The 1980s Brat Pack movie St Elmo’s Fire is becoming a TV series. Long forgotten and at times overshadowed by more recognizable titles such as The Breakfast Club, St. Elmo’s Fire was a viable success at the box office when it opened in 1985.
Today, though the film undoubtedly has its share of fans, the Joel Schumacher title has gone on to cult-like status, and remains one of the main focal points of the group of twenty-something 1980s-era actors known as The Brat Pack. Among the key figures in the Brat Pack were Emilio Estevez, Demi Moore, Molly Ringwald, Ally Sheedy, Anthony Michael Hall, Judd Nelson, Andrew McCarthy and Rob Lowe. St. Elmo’s Fire spoke to a generation of young college graduates, who were facing the excess and confusion that encapsulated 1980s politics and society. Together, the film’s cast of characters spend ample amounts of time at their favorite college pub, St. Elmo’s, while dealing with the turmoil of post-college life.
The film put a decidedly 1980s twist on the coming of age genre, and perhaps because of this it’s been ripe for a reboot for quite some time. Now, thanks to Deadline, we know that the concept is returning, but not as a new film. Instead, NBC will bring St. Elmo’s Fire back as a TV series from Sony and Emmy-nominated writer/producer, Josh Berman (Drop Dead Diva, The Blacklist). At present there’s no word on who will make up the cast or exactly when the series will start to air.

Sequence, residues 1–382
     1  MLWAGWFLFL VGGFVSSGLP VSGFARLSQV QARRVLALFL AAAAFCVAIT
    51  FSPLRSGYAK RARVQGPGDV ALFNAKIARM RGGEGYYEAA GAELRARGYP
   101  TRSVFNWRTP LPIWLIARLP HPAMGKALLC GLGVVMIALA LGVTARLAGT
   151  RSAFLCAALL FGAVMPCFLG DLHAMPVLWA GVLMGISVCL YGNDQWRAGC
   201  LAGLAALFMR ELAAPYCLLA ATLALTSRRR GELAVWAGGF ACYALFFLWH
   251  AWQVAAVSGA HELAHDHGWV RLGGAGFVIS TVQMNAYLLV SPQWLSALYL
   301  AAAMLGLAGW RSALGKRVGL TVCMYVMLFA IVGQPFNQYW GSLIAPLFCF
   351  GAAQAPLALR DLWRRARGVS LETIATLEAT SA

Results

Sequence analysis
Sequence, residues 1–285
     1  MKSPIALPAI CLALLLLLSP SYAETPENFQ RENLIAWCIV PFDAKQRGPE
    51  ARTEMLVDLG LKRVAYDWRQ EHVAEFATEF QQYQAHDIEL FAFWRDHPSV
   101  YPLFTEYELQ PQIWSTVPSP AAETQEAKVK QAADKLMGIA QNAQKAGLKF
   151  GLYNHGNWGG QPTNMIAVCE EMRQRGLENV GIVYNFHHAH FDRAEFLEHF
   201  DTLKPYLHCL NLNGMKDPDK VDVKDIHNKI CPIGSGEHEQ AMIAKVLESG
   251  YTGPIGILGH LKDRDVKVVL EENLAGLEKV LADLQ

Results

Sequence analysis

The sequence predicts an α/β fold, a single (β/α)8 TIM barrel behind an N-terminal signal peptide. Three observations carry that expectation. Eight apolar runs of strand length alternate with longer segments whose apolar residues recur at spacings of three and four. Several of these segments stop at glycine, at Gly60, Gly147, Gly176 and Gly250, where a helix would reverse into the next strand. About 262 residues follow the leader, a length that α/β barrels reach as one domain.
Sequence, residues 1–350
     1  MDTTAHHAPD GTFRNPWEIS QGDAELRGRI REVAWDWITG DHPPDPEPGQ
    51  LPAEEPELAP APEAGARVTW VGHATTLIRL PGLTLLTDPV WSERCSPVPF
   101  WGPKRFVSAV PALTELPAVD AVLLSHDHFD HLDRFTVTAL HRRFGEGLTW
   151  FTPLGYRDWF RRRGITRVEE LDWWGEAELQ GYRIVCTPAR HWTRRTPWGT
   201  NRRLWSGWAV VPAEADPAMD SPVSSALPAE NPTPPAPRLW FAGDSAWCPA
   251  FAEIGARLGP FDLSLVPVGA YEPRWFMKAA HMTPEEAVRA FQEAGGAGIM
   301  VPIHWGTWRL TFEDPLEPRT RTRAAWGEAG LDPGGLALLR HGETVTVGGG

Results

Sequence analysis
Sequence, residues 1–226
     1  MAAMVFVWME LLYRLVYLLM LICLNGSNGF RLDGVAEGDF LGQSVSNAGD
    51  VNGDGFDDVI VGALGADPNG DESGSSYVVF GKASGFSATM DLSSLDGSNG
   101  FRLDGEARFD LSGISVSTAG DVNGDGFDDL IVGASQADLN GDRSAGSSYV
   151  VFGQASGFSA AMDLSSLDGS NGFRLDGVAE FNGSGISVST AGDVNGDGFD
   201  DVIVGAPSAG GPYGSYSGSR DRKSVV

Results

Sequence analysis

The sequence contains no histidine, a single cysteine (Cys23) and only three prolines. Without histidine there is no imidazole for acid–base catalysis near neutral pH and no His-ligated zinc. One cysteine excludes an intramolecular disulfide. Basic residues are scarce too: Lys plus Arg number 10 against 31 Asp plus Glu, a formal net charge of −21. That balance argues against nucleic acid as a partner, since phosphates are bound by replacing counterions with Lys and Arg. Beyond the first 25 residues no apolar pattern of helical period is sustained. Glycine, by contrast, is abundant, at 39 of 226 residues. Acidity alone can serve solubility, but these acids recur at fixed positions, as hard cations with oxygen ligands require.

What’s known about this new incarnation of St Elmo’s Fire is that it won’t differ much from the original film. The current plan for the series is to once again follow the lives of recent college graduates as they learn to navigate the tricky road of adulthood during a time when life seems more challenging than ever before. Apparently, Sony TV has tried numerous times in the past to get a St. Elmo’s Fire TV series going, but until now, there hasn’t been much interest at networks such as ABC and E!. The concept remains a highly relatable one, which can easily be altered to speak to a new generation of people who are already facing the ups and downs of 21st century life.
Of course, the world has changed a great deal since the 1980s and in order to stand a chance at any success whatsoever, the St. Elmo’s Fire TV series will very much have to reflect that. The film focused solely on the lives of affluent young white people struggling with a world that was – despite their onscreen problems, very much open to them. Today’s college graduates will need to be represented realistically in the new TV series, and although this might seem an obvious statement to make, such costly mistakes can unfortunately still be very much a part of TV and film production.
Next: Where Are They Now: The Breakfast Club Cast